One thing I neglected to mention in my introductory post was my size. I’m a large individual. I stand six feet, seven inches tall. Not tiny.
You may wonder how a giant of a man ever takes up cycling as a hobby. It’s a strange journey, admittedly.
It really all begins my junior year in high school, way back in 2000. I played football and basketball back in those days. On Friday, Oct. 13, 2000, I was about to make maybe the best defensive play in my career as a defensive end for a tiny high school in Arkansas. The ball was snapped well over the opposing quarterback’s head and I was bearing down on him, maybe 15 yards beyond the line of scrimmage. We had played well to this point, I believe the game was tied (at zero, but nevertheless … ). We weren’t very good, but it looked as though this could be our turning-point game. I was about to make a tackle that would keep momentum in our favor.
As I got back to the quarterback, he had started back upfield. I turned to get a better angle. As I did, my cleats dug into the turn and just as I turned an offensive lineman had managed to make his way into the backfield, he applied just a little shove. But it was enough to knock me off balance and with my cleats still dug in to the turf, my torso went one way, while my leg stayed straight. As I crumbled to the turf I heard my knee pop. Torn ACL. Bang, just like that, my junior year of football season was over and so was the basketball season.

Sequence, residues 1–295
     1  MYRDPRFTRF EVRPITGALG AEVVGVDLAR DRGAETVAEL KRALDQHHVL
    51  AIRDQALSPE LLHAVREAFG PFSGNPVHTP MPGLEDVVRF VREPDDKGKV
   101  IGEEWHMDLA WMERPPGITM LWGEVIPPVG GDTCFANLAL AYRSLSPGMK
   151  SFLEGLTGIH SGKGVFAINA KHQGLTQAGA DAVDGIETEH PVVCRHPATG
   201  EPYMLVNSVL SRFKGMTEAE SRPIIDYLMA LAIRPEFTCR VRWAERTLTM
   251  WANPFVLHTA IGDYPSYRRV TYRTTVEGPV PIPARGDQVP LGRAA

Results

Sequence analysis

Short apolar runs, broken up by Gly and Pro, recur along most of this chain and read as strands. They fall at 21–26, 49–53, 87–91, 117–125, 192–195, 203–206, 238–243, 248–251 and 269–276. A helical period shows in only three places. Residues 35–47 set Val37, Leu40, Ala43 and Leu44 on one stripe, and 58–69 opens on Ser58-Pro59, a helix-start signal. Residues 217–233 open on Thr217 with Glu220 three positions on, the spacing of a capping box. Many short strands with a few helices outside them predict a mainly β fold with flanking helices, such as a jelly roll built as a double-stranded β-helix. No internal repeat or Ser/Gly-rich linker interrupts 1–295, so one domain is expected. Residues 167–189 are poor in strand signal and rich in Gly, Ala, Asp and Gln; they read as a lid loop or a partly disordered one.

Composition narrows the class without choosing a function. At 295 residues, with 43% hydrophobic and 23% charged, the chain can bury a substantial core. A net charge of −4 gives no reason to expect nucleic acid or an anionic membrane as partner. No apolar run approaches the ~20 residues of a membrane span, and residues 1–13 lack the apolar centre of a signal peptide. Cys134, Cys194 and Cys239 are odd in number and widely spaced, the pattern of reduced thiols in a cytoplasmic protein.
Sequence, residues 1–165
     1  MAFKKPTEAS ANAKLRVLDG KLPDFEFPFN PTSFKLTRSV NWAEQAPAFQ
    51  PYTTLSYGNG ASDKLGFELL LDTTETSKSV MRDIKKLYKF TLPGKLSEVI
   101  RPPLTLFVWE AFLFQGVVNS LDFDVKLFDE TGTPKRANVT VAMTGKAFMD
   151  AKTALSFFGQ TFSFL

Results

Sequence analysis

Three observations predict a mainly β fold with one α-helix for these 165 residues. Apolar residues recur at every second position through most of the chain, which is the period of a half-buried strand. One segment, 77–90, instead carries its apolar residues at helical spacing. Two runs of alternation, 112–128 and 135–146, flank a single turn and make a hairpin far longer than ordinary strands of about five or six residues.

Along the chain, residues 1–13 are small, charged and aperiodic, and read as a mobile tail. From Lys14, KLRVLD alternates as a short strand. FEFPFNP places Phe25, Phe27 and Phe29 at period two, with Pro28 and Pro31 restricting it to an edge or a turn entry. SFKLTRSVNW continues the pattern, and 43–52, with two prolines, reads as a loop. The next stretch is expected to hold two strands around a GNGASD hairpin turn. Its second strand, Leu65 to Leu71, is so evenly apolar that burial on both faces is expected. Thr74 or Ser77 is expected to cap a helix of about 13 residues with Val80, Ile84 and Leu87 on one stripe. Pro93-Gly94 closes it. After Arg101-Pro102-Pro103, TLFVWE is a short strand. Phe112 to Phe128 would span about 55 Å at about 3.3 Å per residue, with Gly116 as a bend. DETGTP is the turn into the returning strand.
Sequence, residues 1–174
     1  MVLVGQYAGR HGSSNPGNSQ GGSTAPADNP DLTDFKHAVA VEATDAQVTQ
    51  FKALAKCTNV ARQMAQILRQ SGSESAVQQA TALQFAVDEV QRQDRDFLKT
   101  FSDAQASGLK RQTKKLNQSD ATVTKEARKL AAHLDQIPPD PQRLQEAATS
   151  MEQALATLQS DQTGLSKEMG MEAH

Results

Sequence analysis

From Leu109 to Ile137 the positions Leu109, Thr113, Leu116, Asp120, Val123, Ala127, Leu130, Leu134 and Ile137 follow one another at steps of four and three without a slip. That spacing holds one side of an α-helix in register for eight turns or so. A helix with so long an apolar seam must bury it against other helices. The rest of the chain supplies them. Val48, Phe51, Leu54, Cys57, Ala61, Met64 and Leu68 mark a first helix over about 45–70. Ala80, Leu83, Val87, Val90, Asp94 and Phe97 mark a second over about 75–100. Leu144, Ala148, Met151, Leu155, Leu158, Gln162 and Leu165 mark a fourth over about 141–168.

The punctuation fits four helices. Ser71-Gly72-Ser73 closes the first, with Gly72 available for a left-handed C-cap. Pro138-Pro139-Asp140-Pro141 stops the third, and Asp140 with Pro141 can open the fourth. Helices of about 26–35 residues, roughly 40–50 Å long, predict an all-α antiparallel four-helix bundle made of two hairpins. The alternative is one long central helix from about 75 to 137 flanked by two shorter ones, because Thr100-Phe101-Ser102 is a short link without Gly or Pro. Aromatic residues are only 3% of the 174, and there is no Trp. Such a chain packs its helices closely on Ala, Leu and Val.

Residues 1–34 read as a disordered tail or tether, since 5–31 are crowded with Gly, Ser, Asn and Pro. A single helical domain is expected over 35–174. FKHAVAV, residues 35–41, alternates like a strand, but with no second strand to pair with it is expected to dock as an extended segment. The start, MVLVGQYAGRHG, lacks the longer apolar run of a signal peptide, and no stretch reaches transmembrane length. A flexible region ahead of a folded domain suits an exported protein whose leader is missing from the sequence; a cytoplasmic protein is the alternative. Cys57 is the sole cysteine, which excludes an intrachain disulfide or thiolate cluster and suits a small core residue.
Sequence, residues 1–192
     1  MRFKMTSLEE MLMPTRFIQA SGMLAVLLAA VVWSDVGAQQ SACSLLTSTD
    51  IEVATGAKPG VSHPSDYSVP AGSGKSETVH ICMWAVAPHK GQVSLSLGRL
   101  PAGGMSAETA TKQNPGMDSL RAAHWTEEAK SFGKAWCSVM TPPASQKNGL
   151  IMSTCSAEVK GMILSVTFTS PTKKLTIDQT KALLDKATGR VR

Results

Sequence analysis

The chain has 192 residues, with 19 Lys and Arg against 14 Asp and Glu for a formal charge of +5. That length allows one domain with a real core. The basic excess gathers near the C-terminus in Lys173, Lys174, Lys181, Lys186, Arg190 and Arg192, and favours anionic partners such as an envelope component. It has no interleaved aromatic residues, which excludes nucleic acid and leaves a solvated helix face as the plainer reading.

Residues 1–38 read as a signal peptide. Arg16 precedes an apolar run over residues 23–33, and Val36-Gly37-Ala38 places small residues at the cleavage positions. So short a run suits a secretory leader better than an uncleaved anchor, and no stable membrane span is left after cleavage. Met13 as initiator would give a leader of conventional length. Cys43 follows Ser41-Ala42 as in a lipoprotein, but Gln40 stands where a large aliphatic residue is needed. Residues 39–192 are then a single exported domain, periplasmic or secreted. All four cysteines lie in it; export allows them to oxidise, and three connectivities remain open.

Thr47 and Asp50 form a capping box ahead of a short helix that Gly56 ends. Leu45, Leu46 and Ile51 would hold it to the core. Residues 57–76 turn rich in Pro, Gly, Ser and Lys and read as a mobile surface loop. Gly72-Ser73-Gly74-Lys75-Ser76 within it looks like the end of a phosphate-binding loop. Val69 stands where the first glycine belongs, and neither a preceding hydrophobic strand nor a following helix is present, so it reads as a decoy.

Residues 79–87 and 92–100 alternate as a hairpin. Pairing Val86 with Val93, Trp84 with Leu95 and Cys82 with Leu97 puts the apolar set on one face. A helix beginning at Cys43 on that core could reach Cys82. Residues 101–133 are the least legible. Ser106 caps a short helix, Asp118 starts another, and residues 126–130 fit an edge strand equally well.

Bear with me, remember, I said this was a strange journey.
Rehab for a torn ACL starts almost immediately after surgery to repair the ligament. I think my first rehab session was two days after the procedure. I figured the first day of rehab was just going to be more of a introduction-type session, sort of a “what to expect” sort of thing. I was wrong. After checking out my knee, they stuck me on an exercise bike. (Ah ha! A bike!) I was tasked with pedaling forward one rotation, then backward one rotation. That might not sound too tough, but when you’re knee hasn’t worked right for a while and has been operated on, it’s immensely difficult.
I didn’t get inspired to become an avid cyclist from that one experience on the bike, the thought never even crossed my mind. But, my knee rehab was quite possibly the most structured workout program I had ever participated in. And I felt like the six months of work had left me in probably the best shape of my life, from a pure fitness standpoint, anyway. I was nowhere near ready to return to playing sports at a decent level. But, I did play football and basketball my senior year.